*This was scheduled to post on July 4th and low and behold, technology did not collaborate with website settings!  So enjoy this now a few weeks later!

It seems freedom is a word and a concept that to some degree, is hanging in the balance. From the January 6th riots, to the recent SCOTUS decision last week, I have to conclude that we don’t exactly agree on what freedom really means. Some of us want to believe that we have free will. And others believe some, but not all should have that. For today, I want to look at freedom, through the lens of grief and loss.

We are all guilty of taking things as granted. We know that once we lose something (our life savings in the housing market crash) or someone (death of a loved one), that thing, and that person become unavailable to us. What was once “normal” is no longer. And all of a sudden we realize what we have lost. Or we are faced with trying to understand.

But one thing we know we lose in the process of letting go of a loved one, is our freedom to kick back and relax. We lose the coveted care-free attitude and even naïveté that we once enjoyed before we knew real pain. We lose the open-heartedness, the giggles, the safety of our in-tact hearts. Our freedom to let our guards down, seems to permanently vanish.

Where we once enjoyed concerts, we find them unsympathetic. Where we once enjoyed the sunrise, we now see the audacity that sun presumes, by coming up again and again. Where we once enjoyed a workout, all our music reminds of something that hurts. Where we once slept with our child, we now sleep alone.

It’s incredibly frightening that as a Nation we can’t seem to agree on what freedom is, and also agree that it is the birthright of every American to enjoy its protections and benefits. We can’t seem to stop trying to control people who are different than we are. So much uncertainty lies ahead.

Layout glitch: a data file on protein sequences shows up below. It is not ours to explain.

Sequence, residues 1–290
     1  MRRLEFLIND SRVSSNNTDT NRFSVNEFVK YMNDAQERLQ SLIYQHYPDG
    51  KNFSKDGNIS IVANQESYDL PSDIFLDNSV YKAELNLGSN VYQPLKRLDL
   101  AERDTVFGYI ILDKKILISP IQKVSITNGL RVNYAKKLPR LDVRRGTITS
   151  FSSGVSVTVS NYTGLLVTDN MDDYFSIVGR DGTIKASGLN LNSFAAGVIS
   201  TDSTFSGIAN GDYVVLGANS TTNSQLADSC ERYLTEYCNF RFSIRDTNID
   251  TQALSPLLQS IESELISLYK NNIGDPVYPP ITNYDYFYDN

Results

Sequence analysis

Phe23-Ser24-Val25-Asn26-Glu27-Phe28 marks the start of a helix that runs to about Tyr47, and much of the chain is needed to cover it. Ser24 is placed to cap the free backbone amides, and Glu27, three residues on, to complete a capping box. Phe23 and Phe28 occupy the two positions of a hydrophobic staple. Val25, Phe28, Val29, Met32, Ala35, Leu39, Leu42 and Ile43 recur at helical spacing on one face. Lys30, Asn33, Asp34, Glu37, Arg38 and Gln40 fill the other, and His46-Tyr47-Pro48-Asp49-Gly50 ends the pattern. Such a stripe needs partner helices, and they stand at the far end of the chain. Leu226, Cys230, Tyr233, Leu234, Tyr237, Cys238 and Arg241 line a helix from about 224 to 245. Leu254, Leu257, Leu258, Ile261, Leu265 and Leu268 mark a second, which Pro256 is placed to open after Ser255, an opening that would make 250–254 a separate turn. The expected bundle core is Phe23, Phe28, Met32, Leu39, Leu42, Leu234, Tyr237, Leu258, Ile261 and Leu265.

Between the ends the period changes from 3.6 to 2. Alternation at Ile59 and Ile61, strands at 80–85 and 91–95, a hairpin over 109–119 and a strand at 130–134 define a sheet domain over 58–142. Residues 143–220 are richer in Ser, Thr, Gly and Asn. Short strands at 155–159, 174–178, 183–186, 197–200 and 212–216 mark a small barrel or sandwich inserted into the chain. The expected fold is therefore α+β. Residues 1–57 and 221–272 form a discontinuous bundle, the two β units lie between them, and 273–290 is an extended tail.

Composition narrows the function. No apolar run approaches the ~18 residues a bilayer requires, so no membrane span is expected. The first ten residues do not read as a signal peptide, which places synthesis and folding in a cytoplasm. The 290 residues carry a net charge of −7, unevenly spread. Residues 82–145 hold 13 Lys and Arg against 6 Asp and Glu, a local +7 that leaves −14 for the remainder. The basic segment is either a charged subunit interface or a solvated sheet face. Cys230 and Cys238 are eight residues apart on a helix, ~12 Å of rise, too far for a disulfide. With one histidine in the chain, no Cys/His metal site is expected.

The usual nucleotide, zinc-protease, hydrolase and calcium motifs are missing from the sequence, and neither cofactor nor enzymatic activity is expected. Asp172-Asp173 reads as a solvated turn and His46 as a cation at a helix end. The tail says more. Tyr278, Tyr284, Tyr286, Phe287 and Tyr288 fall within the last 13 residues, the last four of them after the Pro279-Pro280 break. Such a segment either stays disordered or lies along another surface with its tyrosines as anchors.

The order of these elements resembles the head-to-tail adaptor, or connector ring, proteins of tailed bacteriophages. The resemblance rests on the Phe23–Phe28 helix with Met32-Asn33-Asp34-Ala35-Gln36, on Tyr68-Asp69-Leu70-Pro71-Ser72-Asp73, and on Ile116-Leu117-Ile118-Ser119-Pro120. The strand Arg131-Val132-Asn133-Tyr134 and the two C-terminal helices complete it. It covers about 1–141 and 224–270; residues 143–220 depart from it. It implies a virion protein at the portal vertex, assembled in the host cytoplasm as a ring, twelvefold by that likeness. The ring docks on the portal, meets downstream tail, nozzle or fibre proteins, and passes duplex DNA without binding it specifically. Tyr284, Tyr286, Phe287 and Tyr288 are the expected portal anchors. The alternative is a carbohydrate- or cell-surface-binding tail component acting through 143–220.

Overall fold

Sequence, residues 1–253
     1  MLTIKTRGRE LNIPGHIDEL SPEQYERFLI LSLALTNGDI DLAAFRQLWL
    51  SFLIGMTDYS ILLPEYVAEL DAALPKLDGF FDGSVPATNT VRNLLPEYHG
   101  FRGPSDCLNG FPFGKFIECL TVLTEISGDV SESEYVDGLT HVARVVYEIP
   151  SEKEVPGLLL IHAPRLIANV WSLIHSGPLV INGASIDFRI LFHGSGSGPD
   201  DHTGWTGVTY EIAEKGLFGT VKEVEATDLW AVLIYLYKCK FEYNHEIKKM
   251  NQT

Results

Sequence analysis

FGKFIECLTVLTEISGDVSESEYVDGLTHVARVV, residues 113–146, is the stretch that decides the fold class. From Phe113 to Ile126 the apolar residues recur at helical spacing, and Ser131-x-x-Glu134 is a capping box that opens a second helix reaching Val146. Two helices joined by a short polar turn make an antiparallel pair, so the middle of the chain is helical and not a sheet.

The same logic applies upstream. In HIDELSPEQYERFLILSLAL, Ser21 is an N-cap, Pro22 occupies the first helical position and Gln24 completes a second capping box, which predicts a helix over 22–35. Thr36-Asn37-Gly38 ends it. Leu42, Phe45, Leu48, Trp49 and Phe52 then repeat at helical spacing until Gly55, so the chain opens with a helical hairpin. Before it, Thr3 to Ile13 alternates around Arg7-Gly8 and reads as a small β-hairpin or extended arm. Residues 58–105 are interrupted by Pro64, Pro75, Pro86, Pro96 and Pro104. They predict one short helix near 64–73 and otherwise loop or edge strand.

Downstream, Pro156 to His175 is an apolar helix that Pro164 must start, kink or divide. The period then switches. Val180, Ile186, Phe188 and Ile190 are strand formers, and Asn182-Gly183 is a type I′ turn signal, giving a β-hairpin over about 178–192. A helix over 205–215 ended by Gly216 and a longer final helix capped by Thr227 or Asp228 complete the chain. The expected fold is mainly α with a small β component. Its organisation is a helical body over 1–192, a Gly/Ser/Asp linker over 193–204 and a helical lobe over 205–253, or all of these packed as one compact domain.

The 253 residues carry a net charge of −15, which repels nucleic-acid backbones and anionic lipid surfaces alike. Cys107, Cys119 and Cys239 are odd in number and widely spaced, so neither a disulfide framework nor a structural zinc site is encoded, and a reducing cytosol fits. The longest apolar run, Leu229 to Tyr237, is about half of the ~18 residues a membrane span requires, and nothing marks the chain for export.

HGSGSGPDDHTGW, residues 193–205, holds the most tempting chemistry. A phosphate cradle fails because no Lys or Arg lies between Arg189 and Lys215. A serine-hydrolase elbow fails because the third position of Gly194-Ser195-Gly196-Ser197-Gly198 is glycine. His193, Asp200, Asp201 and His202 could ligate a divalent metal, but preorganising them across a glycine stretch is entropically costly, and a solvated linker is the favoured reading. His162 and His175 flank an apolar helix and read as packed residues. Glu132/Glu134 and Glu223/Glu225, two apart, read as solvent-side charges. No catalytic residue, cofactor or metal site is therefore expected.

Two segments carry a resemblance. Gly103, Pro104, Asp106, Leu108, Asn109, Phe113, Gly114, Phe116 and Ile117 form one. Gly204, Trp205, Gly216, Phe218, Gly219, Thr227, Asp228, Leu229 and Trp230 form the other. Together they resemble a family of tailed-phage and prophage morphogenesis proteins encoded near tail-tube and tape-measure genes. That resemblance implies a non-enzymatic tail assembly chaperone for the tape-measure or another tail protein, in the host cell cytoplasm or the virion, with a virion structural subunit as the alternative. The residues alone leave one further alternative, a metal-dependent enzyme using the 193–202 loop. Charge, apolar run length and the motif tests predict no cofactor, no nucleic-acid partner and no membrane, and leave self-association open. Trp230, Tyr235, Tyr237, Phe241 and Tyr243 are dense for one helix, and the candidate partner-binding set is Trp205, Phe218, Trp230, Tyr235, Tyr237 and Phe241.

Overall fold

But I’ll take uncertainty over death, because the second one is forever. When we lose our loved one, we lose our freedom to feel secure, safe and hopeful.

But on the bright side, we don’t have to lament our loss forever, such that it takes away our freedom to continue living. We can participate in all kinds of activities that help us learn to trust the world again. We may even find our Faith can be restored, along with our hope, even after the devastation of death.

But these developments can’t begin to form, until we demand, from ourselves and also the world, the freedom that again, is our birthright. We are free to grieve however we want to. For as long as we need to. We don’t need to apologize, or rationalize, check the calendar to see if we should be done grieving yet. When the freedom to be with our loved ones is taken from us, we are simultaneously granted the freedom to live out our tragedies and losses, however we want.

No one tells us this of course. And it may be one of the best kept secrets that can really help people. Because until our grief is allowed to also be free, and part of our life’s fabric, we have no freedom at all. No peace. No music. No connection. Nowhere to go. Nowhere to hide. Nowhere to feel safe.

So if this resonates, and you haven’t already done so, grant yourself the freedom to grieve in your unique way, privately, creatively, and courageously. This is a great step toward returning to the bigger freedom, which is to be able to exhale without waiting for the other shoe to drop, which is how we often move through the world once we have already been kicked.

A special thank you to our Men and Women in the Armed Forces of the United States of America. We can’t adequately thank you, but being grateful for our freedom, however we define it, is a good place to start.

Enjoy the holiday and be safe!  The blog and weekly newsletter will resume next week!

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